Research indicates that humor at work is a good thing. It builds morale and relationships. But it also hurts if it veers from being a bonding agent to an alienator.
"The minefields are race, sex, ethnicity, religion, politics," Robert said in an interview. "It's important to know your audience. If you're new in a workplace, sit back and watch for context. See who uses humor, what works, what's appropriate."
Surprisingly, teasing is an effective brand of workplace humor, he said. Given that it's done among adults and it isn't always at the expense of the same person or type, teasing can show cohesiveness among co-workers, Robert said.
"Most groups have unconsciously negotiated topics that are OK to tease people about," he said. "Groups tend to develop strong norms about what is or isn't acceptable."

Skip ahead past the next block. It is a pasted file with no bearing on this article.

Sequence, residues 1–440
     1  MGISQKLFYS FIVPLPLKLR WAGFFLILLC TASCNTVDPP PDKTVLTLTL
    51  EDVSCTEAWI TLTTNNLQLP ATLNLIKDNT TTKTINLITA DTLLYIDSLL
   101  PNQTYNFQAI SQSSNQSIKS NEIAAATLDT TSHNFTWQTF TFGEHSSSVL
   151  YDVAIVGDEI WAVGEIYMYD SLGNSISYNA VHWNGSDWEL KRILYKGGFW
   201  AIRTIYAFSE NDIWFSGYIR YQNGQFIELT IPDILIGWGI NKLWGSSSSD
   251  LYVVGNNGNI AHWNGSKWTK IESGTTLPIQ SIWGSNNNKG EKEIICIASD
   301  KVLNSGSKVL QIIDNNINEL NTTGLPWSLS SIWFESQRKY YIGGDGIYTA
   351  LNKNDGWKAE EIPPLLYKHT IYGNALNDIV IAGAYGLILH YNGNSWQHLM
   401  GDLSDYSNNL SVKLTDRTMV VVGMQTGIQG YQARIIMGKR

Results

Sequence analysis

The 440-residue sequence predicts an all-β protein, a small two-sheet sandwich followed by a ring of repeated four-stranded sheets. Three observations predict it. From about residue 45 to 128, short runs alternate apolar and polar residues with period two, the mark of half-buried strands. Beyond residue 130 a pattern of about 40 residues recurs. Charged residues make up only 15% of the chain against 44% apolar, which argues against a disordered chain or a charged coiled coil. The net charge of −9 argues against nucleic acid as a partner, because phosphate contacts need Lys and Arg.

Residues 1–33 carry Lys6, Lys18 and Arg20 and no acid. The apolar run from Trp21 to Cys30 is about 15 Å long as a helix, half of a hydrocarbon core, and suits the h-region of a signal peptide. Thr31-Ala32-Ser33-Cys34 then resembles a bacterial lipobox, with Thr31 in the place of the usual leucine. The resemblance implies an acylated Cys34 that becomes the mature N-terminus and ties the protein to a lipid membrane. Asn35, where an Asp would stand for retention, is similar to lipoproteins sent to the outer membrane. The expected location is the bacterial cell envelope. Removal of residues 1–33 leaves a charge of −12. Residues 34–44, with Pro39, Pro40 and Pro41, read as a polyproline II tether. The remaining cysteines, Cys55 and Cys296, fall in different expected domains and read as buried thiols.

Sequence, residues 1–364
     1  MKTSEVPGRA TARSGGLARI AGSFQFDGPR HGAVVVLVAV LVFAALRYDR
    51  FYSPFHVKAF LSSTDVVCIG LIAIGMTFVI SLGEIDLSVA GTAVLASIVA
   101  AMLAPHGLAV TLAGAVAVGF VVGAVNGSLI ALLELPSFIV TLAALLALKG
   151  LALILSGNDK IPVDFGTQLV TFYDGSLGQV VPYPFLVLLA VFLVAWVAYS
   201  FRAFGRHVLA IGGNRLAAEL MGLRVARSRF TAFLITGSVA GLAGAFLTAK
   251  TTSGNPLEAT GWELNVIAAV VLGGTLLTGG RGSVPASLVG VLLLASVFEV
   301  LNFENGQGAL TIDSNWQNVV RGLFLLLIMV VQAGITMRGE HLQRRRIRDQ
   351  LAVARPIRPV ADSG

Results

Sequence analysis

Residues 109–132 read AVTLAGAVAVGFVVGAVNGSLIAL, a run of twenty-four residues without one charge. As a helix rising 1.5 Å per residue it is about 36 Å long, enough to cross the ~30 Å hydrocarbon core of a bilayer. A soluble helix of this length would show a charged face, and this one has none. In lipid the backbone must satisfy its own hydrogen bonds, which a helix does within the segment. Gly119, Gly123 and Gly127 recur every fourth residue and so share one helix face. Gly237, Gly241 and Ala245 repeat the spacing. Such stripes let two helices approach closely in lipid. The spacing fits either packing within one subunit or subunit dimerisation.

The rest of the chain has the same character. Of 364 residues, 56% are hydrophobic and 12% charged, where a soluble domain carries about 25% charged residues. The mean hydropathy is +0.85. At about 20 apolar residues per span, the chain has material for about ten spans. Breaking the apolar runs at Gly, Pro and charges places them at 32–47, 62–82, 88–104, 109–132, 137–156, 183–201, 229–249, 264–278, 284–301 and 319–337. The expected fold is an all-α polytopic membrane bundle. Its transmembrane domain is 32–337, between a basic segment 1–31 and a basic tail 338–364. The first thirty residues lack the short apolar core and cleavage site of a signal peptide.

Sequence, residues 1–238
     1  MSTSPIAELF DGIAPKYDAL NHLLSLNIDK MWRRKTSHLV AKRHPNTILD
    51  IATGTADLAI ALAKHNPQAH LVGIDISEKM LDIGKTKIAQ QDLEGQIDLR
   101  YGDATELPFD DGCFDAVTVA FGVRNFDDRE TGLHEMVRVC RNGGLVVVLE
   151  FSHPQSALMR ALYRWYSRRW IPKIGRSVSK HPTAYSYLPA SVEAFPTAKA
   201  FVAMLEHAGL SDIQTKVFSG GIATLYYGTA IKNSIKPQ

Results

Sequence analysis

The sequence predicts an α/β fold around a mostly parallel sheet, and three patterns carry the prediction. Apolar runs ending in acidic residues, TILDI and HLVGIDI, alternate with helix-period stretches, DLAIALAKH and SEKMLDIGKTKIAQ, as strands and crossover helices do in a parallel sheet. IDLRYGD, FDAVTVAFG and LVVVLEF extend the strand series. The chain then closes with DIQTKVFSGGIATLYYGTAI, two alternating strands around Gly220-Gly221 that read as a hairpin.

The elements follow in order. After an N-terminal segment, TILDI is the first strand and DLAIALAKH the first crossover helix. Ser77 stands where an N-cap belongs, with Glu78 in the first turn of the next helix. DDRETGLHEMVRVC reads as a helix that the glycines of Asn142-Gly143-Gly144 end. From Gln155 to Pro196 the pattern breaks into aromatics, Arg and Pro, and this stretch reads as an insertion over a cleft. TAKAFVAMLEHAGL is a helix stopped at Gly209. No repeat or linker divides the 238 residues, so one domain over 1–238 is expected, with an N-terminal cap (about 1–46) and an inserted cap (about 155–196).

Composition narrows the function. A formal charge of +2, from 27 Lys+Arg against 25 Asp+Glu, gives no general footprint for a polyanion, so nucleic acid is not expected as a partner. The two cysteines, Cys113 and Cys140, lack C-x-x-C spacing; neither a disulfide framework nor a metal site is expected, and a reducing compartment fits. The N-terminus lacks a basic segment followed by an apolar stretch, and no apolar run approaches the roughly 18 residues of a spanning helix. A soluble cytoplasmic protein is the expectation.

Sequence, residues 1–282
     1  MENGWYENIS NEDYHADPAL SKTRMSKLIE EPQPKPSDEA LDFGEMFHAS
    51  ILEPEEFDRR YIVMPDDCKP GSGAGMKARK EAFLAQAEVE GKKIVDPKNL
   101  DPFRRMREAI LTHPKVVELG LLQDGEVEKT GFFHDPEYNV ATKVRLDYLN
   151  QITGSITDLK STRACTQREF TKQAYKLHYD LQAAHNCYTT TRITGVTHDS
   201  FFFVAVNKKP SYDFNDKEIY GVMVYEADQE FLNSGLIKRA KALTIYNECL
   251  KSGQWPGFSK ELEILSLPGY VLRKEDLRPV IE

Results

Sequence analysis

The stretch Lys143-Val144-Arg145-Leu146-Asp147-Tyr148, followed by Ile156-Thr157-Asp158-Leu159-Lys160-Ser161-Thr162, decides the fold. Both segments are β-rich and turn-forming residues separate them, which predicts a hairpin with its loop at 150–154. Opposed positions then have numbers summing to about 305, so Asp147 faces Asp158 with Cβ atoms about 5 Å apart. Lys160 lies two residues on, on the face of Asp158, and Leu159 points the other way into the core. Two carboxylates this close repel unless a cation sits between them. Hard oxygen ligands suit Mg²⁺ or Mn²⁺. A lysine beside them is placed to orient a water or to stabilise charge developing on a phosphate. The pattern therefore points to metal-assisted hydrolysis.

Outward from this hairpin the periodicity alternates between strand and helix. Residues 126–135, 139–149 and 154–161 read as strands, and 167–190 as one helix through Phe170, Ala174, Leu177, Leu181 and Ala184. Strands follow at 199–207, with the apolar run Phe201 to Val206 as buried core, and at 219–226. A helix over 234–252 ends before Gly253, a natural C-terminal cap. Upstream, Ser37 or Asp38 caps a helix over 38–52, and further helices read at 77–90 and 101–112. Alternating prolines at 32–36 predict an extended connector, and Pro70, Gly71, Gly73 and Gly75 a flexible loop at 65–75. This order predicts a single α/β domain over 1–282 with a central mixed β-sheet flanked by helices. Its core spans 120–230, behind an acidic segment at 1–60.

Generally, peer-to-peer teasing is easier to navigate. Managers need to be more careful to not pick on one subordinate or any one kind of person.
"One interesting thing about our research is that people who use a lot of humor are the same ones who are teased most in a group," Robert said. "There's often a balance between dishing it out and taking it."
When that balance is missing, humor loses its positive effect.
"If you're being teased, that can be a sign people are comfortable with you, that you're part of the group," he said.
"Insiders have a certain license to tease each other. Self-deprecation is always OK. And it's the same principle with racial or sexual humor — when you're part of the target group, it's easier to use humor without looking like you're picking on someone else."
Above all, be careful. Words can wound, even in jest.
(Diane Stafford is the workplace columnist at The Kansas City Star. Her "Your Job" blog at economy.kansascity.com features posts about job-related issues of wide interest. Writeto her at Kansas City Star, 1729 Grand Blvd., Kansas City, Mo. 64108-1413 or email@example.com.)